SANTA CLARA, Calif. - Times have changed for BEA Systems. Once the brash darling of the Java application server market, the software vendor put forward a more humble face at its annual BEA World show this week in Santa Clara, Calif.
Gone is the luxury of taking the top market-share spot in a lucrative market, the confident attitude of a company that knew it was on the right track and the bustling activity of customers and partners jockeying for a piece of the magic.
In its place is a perilous second-place slot in a market that is becoming increasingly commoditized by open source, an opening-day keynote by a chief executive officer (CEO) who encouraged customers to place BEA software alongside competing products the company once spurned, and a handful of partners -- primarily emerging software vendors -- touting their wares on a trade show floor that was about half the size it was during the height of BEA's success.
Far from being the leader it was, BEA is now in the humble position of reinventing itself as it plays also-ran to much larger companies in a market it pioneered.
"Between a rock and a hard place," is how Dana Gardner, principal analyst for Interarbor Solutions LLC, described BEA's current predicament. While the company continues to have strong technology and a loyal install base, it's unlikely BEA will ever recover completely from losing its prominent position in the Java application server market to larger companies like IBM and Oracle.
Also posing a problem for BEA is the increasing adoption of open-source software, notably from JBoss, to do the job of BEA WebLogic Server, which remains the primary source of revenues for BEA.
Ironically, the biggest Java announcement on BEA World's first day had nothing to do with BEA itself. On Tuesday BEA rivals JBoss and Microsoft surprised the industry by announcing a partnership to optimize their software to work better together.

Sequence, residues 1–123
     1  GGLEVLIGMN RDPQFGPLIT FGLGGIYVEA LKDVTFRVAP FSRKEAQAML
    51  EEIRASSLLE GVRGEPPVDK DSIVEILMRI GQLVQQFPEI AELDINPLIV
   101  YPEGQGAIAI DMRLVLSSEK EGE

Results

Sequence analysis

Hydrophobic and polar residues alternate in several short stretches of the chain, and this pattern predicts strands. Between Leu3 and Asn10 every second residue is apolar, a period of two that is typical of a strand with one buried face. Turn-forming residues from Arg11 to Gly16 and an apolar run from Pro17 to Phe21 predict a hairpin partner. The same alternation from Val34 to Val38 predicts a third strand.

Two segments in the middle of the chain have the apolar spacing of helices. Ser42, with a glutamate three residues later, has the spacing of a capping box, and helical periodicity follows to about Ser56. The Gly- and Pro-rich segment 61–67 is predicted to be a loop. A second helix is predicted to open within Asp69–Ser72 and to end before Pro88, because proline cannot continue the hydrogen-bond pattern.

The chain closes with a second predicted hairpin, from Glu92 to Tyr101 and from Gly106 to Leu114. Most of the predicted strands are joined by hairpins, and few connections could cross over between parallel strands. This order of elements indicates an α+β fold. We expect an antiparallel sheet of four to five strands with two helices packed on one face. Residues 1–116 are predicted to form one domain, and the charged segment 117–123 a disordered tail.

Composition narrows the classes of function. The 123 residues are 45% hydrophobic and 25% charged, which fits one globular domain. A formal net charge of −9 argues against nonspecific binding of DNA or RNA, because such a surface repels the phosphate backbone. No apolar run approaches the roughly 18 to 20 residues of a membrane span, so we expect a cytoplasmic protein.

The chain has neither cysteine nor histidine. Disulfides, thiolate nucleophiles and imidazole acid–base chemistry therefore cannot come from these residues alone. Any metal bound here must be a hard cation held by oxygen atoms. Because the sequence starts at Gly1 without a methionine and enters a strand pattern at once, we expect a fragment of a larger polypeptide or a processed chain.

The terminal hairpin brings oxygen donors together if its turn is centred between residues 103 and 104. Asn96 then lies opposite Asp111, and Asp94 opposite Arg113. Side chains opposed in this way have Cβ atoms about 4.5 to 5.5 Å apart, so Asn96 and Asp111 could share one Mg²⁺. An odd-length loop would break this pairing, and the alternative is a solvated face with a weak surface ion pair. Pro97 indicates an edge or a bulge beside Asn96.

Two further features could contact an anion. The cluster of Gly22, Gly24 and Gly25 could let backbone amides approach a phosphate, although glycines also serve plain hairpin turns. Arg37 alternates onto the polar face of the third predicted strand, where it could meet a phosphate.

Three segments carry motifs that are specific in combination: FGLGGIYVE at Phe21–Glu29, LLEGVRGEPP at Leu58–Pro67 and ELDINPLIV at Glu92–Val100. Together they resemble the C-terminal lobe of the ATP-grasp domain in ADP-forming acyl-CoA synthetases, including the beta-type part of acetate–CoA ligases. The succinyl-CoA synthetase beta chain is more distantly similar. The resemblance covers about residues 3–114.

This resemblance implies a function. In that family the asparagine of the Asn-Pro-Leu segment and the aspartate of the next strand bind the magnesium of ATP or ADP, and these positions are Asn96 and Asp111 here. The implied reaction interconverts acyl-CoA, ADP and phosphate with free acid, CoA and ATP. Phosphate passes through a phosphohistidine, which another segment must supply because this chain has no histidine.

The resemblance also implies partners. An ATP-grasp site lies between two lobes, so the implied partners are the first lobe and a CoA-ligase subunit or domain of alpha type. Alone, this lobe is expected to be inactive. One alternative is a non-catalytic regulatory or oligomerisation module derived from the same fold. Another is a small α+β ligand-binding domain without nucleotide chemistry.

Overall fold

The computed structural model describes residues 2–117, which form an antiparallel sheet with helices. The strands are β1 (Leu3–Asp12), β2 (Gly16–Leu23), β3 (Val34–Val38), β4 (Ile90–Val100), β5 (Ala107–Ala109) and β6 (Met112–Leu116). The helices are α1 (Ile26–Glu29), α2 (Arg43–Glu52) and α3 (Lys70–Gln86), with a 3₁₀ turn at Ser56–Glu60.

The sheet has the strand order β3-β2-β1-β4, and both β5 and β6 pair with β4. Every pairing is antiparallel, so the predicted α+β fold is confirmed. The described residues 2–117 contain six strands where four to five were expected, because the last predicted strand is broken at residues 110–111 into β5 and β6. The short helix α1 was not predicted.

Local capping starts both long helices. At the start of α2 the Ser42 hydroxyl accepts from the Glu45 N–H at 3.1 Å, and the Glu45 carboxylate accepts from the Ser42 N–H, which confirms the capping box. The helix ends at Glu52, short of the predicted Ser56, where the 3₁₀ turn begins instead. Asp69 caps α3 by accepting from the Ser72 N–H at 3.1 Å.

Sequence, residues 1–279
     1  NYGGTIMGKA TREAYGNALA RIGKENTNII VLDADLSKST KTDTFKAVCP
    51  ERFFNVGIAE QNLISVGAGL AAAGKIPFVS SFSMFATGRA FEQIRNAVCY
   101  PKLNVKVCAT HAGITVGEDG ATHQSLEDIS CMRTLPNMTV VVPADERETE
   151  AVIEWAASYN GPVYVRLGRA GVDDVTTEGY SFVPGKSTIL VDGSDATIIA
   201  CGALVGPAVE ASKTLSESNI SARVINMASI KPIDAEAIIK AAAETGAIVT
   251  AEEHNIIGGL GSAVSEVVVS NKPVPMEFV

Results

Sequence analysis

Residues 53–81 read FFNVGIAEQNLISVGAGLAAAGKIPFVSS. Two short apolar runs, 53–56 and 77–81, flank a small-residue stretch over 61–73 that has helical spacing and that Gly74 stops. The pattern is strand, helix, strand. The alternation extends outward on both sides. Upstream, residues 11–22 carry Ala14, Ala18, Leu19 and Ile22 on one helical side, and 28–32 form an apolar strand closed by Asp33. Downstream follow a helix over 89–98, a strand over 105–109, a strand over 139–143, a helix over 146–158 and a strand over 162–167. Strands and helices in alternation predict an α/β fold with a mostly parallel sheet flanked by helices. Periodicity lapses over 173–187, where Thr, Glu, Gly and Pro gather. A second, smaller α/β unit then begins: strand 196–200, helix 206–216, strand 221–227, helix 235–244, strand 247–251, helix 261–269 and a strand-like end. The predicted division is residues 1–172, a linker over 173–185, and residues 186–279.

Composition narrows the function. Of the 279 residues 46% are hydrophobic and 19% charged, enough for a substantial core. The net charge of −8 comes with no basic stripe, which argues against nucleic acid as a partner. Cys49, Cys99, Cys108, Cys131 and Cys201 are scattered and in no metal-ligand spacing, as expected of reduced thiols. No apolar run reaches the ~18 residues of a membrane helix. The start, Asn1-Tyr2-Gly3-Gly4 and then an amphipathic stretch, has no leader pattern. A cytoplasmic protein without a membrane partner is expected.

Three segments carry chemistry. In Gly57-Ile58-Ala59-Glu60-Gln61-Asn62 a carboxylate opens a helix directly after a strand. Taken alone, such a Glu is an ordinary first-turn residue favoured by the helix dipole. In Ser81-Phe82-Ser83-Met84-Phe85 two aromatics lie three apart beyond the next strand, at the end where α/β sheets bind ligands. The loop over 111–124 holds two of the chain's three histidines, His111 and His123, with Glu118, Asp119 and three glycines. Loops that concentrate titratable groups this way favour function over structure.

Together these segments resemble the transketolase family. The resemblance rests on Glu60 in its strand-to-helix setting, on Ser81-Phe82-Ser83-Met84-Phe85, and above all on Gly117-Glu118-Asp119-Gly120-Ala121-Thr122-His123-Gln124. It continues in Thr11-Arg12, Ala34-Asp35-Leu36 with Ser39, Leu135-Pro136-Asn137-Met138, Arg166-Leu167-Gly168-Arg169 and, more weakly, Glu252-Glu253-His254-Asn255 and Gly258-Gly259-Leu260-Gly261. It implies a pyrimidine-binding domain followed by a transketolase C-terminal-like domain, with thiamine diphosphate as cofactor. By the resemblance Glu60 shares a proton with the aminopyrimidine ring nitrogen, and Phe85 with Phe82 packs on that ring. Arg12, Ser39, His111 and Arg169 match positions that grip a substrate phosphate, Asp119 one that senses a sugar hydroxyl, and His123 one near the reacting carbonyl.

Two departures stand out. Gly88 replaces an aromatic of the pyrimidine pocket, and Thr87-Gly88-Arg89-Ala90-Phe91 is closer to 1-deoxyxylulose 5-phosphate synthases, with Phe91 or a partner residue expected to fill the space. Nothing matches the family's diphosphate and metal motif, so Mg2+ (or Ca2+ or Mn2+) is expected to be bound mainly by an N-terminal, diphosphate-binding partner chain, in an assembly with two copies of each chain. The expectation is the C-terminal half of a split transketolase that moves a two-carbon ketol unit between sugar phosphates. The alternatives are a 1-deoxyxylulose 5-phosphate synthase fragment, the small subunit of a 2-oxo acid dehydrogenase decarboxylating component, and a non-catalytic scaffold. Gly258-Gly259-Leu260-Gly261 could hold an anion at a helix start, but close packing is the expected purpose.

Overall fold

What appeared to be a ploy to upstage BEA didn't dampen the San Jose, Calif.-based company's attempt at the conference to tout a strategy for making applications in IT systems "liquid" by using new software called Aqualogic. The company is developing this new product line to work with software that runs in a distributed fashion, called service-oriented architectures (SOAs) by BEA and others in the industry.
During a keynote Tuesday, BEA Chairman and CEO Alfred Chuang said that BEA's vision is to provide the SOA glue to enable all disparate applications and software to interoperate seamlessly in a single IT system.
"Enterprise IT is no longer a world of BEA or IBM, BEA or Microsoft, BEA or even Oracle," Chuang said. "Now more so than ever what you need and what you want -- and what BEA alone delivers -- is BEA and IBM, BEA and Microsoft, BEA and Oracle, BEA and everything else -- all those legacy applications sitting out there. ...Our job is to make enterprise computing fluid and simple."
A few years ago, the idea of BEA's CEO standing on stage in front of the company's constituency and promoting the use of chief rival IBM's software alongside BEA's would've been unthinkable. In today's market, though, the company has no choice, said Ron Schmelzer, senior analyst for research firm Zapthink LLC. "A big dose of reality set in," he said of BEA's change of tune.